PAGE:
If a marketer wants to know more about their company’s software development life cycle (SDLC), instead of searching through myriad internal wikis, they can go to this system-wide search interface, and search for SDLC. The results, drawn from all of the company’s back-end systems, will display either the precise information the marketer is looking for (a summary, report, PDF, etc.) or a link to the piece of content on the back-end system.
Think of it as an internal Google-esque experience. It surfaces data from across your entire company, putting a wealth of historical knowledge at your disposal. You can hopefully see how this addresses the two issues we described earlier: search inefficiencies and discovery roadblocks. It searches everything — even the data sources you didn’t know existed. But it’s also more than just a blanket search.
As part of its centralization, the front-end — what the end user sees — is often federated, offering multiple views, filters, and slices of diverse content. Because this searchable layer is fully API-driven and composable, you can replace, refactor, improve, and extend it. Unlike Google, you fully own the search algorithm. It’s not locked away in a black box. Instead, you can access, edit, and manipulate its inner workings.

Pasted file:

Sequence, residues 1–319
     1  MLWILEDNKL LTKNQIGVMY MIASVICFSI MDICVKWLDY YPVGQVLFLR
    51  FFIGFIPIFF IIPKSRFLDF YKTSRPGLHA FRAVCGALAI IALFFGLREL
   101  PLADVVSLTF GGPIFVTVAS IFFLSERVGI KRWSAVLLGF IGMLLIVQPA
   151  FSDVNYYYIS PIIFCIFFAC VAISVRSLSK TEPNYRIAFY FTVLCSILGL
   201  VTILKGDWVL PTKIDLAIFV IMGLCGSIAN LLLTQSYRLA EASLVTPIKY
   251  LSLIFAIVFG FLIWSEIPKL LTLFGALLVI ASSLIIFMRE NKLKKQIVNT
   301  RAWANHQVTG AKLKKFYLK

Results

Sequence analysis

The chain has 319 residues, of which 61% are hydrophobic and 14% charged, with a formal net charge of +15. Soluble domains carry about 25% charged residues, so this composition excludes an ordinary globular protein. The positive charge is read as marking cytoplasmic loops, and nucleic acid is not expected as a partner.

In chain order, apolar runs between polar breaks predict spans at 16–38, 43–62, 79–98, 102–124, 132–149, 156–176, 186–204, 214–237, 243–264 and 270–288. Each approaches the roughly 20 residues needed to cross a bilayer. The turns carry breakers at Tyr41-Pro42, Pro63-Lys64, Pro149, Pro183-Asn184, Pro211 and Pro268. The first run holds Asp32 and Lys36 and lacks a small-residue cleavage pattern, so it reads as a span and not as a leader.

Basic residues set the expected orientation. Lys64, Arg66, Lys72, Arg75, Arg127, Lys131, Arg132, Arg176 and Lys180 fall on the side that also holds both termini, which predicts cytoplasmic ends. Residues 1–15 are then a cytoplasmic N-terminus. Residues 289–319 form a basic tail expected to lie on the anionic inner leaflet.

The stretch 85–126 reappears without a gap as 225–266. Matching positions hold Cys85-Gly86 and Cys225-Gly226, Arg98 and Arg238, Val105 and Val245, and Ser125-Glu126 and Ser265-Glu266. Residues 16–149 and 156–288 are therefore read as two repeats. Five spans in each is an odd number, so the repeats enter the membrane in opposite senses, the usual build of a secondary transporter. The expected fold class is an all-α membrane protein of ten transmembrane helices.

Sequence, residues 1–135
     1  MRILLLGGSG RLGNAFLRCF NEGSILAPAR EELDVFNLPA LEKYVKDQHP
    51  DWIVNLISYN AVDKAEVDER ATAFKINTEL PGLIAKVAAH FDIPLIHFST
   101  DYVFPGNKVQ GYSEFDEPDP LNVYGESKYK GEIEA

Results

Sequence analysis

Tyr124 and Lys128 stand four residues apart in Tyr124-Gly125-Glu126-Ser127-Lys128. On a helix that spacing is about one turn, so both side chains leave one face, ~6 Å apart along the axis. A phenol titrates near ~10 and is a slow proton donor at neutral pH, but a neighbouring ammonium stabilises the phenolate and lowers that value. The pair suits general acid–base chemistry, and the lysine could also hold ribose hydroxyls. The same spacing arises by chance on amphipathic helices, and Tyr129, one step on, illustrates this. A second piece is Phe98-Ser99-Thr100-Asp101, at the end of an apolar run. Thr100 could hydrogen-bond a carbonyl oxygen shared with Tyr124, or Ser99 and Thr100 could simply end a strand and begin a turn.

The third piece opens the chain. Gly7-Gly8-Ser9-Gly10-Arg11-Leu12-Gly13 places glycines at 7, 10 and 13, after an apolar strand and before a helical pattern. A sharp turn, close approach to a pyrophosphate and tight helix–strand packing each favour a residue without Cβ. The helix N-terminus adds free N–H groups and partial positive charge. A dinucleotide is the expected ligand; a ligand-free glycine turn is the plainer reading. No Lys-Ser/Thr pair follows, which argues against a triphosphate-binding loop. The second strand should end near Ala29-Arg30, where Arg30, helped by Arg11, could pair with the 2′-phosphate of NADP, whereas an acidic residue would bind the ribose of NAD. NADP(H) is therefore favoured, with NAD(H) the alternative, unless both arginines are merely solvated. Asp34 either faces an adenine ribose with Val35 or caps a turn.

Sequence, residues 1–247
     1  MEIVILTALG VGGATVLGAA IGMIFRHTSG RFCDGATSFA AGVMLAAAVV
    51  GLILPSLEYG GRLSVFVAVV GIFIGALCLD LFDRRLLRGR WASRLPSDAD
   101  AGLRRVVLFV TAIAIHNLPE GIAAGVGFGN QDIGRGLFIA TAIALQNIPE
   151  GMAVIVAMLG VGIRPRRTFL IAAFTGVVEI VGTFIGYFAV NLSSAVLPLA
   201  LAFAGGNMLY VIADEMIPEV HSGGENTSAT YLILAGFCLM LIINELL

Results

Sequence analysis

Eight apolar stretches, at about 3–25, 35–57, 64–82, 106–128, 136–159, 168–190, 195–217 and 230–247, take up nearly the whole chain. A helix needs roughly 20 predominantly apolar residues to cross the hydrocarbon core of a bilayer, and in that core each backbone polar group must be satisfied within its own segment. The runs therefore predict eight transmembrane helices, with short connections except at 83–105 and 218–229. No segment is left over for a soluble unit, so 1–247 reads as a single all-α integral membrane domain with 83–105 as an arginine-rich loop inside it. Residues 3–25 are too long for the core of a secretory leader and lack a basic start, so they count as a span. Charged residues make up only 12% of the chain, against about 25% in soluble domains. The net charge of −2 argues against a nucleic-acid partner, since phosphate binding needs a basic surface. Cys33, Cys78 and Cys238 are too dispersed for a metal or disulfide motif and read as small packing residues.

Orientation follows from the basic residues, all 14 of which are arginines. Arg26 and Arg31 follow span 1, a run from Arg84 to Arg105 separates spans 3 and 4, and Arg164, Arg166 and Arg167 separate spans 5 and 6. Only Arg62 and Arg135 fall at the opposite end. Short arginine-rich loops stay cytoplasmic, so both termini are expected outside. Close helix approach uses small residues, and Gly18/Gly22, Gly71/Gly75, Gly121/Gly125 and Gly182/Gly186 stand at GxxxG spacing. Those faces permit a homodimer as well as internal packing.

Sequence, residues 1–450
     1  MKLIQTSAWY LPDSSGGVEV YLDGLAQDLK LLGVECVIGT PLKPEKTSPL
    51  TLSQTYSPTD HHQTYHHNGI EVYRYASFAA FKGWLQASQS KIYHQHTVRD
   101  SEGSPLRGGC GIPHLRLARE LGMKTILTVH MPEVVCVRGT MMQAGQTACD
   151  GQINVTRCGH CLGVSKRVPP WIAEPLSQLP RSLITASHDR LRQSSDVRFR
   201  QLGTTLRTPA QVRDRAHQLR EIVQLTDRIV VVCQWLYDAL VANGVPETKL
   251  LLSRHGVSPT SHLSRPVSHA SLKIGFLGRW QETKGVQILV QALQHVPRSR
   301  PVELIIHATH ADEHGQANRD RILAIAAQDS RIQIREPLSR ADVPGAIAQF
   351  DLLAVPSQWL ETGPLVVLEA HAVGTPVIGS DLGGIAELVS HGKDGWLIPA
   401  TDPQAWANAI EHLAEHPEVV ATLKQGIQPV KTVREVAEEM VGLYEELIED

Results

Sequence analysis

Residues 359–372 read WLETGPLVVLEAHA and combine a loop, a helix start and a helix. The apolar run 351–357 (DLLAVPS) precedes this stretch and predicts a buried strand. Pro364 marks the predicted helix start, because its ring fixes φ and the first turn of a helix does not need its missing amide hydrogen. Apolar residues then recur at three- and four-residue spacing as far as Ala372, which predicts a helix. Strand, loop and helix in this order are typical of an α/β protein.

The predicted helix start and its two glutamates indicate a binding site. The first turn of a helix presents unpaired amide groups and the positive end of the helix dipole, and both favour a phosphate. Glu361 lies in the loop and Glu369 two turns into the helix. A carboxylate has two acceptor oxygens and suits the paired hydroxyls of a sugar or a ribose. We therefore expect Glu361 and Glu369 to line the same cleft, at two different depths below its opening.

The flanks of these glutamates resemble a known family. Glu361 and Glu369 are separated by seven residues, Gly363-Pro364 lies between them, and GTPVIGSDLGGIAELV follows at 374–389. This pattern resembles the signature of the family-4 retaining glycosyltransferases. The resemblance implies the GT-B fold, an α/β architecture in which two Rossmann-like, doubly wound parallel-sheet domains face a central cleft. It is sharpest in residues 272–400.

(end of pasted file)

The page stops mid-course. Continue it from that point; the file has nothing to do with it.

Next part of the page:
We’re still early in the evolution of search and discovery. Not too long ago, search was a functionality checkbox: does your website have search or doesn’t it? But now, companies are coming around to the power of search and the breadth of its applications. We see the ‘ah-ha’ moment time and time again.
One of our clients, a fashion retailer, kept its entire product catalog index in a composable search tool and was delivering an amazing search experience on their ecommerce website. But then they asked, “How else can this product information be used?” They realized it would be incredibly useful for sales representatives to have access to company-wide product data, so they created an app that allowed them to search the catalog.
Say a customer visits our client’s store to buy a new handbag. With access to all of its internal data, the sales representative can now advise on what fabrics, sizes, and styles are available — not just in that specific store, but neighboring locations, too.
Or suppose a customer’s bag strap snaps when they’re en route to the airport. A support agent can look up inventory for local stores and have a replacement waiting for them when they arrive. Suddenly, they’ve turned support, which is normally deemed a cost center, into a revenue-generating channel.
The most exciting thing about company-wide searchable data is opportunity.
We built Algolia to be headless — both for the front and back ends — which makes it flexible and malleable. Organizations can deploy the composable building block however they wish. That’s precisely what our clothing-retailer client did. No one told them to create an app for sales representatives. They adopted the technology, experimented, and created this functionality themselves. As the technology spreads and more companies experience their ‘ah-ha’ moments, we can’t wait to see what they create.